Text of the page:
His name was Giuseppe Morello.
He came to New York City in 1892 from Corleone, the town in western Sicily whose name Mario Puzo borrowed to create literature’s most famous Mafioso.
A half-century before The Godfather, he was the face of organized crime in America.
That’s the takeaway from The First Family, Mike Dash’s highly researched and smoothly written book on the origins of the Mafia in the United States.
Focusing primarily on New York City and using an infamous mob hit — the 1903 Barrel Murder — as the jumping-off point, the book, on one level, is a police procedural set against the backdrop of the Italian immigrant experience. Dash’s straightforward account — he accurately describes it as a “narrative history” — provides context for the birth of an American underworld institution, but he in no way glamorizes the gangsters who dominate his story.
Morello, shrewd, ruthless and calculating, emerges as the prototype of the ethnic crime boss, the sine qua non of New World Mafiosi.
Known as “Clutch” or “The Clutch Hand” because he had been born with a deformed right arm, Morello was, in the words of one investigator, “conscientiously and zealously bad”, an individual who “enjoyed” being a criminal.
The book’s entertaining narrative loses its pacing only in the final chapters when Dash appears in a rush to wrap up events and machine-guns a series of vignettes of the major players in the infamous Castellammare War, a conflict in the ‘30s that would include Morello’s assassination.
By contrast, it is the story of a 1903 mob murder, told in almost film noir style, that Dash effectively uses to launch The First Family.
The grisly discovery of the body of Benedetto Madonia stuffed in a barrel abandoned in Lower Manhattan in April 1903 first attracted law enforcement to the dealings of the Morello crime family. Relying on police files, federal reports and court records now more than a century old, Dash lets the story unfold while setting the stage with details about two of the city’s Italian enclaves at the time, one in Lower Manhattan and the other in East Harlem. The Barrel Murder was eventually tied to Morello’s counterfeiting operation, a lucrative enterprise built around fake $2 and $5 bills — this was, after all, 1903.
The same kind of dogged research allows Dash to write with panache and authority on Black Hand extortions; the shakedown of artichoke importers; gambling operations; and, believe it or not, horse rustling. Morello and his people had a hand in all of it.
“The truth was that Morello and his henchmen were parasites who terrorized their fellow countrymen, exploited the weak and dealt in fear,” writes Dash.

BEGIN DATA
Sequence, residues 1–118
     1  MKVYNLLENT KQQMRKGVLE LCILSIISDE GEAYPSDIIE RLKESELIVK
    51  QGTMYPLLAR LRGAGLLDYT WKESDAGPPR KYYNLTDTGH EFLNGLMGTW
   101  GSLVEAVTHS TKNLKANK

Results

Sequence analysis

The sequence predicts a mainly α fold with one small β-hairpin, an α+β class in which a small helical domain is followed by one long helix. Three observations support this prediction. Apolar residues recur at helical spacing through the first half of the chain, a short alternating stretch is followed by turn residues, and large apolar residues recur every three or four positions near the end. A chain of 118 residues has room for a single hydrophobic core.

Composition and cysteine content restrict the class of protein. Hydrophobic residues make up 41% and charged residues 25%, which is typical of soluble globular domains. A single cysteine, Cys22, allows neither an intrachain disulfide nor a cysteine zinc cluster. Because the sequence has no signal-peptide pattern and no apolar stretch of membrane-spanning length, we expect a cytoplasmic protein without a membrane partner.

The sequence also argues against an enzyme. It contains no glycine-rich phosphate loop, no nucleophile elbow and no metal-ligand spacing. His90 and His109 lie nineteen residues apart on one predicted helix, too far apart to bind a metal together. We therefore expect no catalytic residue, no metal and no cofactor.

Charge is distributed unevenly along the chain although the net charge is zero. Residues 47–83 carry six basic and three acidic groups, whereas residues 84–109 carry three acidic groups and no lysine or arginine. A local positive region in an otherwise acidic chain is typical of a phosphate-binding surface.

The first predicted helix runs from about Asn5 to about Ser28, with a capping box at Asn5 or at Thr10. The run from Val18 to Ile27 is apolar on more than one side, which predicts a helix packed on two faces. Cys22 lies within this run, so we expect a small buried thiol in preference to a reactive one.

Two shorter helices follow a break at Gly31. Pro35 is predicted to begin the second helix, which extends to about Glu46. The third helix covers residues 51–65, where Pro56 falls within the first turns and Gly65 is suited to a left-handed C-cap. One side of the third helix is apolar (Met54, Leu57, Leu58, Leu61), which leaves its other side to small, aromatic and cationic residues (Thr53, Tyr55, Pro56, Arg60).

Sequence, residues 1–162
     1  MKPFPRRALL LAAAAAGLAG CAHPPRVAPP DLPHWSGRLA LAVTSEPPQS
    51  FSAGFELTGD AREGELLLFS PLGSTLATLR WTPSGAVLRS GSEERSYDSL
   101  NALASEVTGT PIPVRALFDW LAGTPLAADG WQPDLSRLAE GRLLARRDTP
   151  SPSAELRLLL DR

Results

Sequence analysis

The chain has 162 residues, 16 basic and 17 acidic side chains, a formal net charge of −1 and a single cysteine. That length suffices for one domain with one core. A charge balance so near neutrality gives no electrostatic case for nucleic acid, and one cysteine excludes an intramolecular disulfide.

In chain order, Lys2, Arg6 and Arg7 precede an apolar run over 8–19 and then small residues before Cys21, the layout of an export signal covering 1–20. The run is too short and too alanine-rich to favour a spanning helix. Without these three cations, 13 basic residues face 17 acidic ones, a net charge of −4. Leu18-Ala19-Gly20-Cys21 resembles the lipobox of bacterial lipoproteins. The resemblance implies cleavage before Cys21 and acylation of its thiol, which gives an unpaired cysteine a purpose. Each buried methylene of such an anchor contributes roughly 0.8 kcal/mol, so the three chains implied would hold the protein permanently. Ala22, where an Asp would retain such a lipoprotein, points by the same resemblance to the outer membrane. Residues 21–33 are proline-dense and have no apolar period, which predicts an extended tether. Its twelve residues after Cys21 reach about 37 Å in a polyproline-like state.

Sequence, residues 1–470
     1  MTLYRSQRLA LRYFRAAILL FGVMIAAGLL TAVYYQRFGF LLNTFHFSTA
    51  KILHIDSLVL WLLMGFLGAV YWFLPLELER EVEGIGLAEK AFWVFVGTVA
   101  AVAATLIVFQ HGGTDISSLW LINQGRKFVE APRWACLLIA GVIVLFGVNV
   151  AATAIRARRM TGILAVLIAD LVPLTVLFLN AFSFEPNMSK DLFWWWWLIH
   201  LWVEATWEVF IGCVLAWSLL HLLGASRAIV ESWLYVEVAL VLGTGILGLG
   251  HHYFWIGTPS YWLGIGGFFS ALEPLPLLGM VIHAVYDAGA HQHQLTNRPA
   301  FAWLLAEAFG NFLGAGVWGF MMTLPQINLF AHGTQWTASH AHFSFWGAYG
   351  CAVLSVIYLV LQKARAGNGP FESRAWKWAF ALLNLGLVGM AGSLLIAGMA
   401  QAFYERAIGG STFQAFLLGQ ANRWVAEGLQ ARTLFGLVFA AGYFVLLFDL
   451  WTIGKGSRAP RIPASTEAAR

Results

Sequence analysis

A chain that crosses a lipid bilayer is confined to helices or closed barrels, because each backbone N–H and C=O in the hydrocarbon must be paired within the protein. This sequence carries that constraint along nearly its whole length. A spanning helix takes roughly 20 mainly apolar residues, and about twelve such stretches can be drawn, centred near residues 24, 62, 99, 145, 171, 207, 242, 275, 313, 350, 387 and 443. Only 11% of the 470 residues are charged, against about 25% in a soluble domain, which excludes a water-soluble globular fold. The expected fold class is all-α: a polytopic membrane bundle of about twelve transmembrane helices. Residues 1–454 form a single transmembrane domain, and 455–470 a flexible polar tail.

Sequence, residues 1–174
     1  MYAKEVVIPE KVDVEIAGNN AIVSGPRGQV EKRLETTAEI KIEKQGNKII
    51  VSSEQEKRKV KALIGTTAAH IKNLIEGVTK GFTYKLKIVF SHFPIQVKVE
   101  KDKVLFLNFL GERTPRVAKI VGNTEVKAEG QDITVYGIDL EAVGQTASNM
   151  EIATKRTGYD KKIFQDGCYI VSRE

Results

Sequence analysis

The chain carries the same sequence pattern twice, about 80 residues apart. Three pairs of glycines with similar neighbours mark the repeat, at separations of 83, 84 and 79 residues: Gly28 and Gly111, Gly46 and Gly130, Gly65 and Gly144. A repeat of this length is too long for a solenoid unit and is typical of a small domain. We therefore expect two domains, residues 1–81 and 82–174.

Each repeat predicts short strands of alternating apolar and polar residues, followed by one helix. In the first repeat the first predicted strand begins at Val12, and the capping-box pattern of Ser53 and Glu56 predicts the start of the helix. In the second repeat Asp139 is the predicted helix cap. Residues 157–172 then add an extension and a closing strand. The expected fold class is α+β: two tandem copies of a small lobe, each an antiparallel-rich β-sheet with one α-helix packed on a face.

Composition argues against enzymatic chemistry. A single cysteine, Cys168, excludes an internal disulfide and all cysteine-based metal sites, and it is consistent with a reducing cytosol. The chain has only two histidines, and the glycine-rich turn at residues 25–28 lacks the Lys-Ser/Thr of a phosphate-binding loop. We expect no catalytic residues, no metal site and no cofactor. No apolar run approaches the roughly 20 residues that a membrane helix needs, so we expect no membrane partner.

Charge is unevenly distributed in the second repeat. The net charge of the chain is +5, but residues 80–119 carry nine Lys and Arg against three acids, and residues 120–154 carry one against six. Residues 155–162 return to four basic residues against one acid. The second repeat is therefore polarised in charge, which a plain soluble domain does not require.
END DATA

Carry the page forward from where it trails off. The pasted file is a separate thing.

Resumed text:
The family of a Sicilian-born doctor, for example, received several threatening letters from the “Black Hand” before Morello offered to solve the problem by paying the $100 the extortionists were demanding. It was a classic Mafia gambit. The ploy, still used in underworld circles today, is known as “create and solve”.
Morello, who had in fact sent the letters, was given free medical service in appreciation for his intervention. Before long, most of Morello’s family — in-laws, cousins, wife and children — were also being treated for free.
The good guys in the yarn include Secret Service agent William Flynn, the son of Irish immigrants, who was the point man in the counterfeiting investigations that provided so much of the background on Morello. Another top cop profiled in the book is New York City police officer Joseph Petrosino. The Italian-born crime fighter, who was promoted to detective by Police Commissioner Teddy Roosevelt, was “one of the two or three most famous policemen in the city, and arguably the entire United States,” Dash writes.
Petrosino was named to head the Italian Squad, a precursor of today’s organized crime bureaus. Dash points out that in a police department with more than 4,000 members, there were only eight who spoke Italian. And in the kind of aside that both brings a smile and underscores Dash’s ability to use small details to make large points, he notes that one of the cops assigned to the detail was Hugh Cassidy.
This, he writes, “baffled newspaper reporters until it was discovered that the man had been born Ugo Cassidi and had Anglicized his name.”
Petrosino was a relentless investigator whose status and reputation provided a counterbalance to the ethnic stereotyping that plagued the Italian American community as immigrants from southern Italy poured into New York City. He was killed in 1909 while in Palermo, gathering information about mobsters who were migrating to New York.
While there has never been a clearcut answer to who was behind that assassination, Dash implies that “The Clutch Hand” had a reach that stretched back to his native land.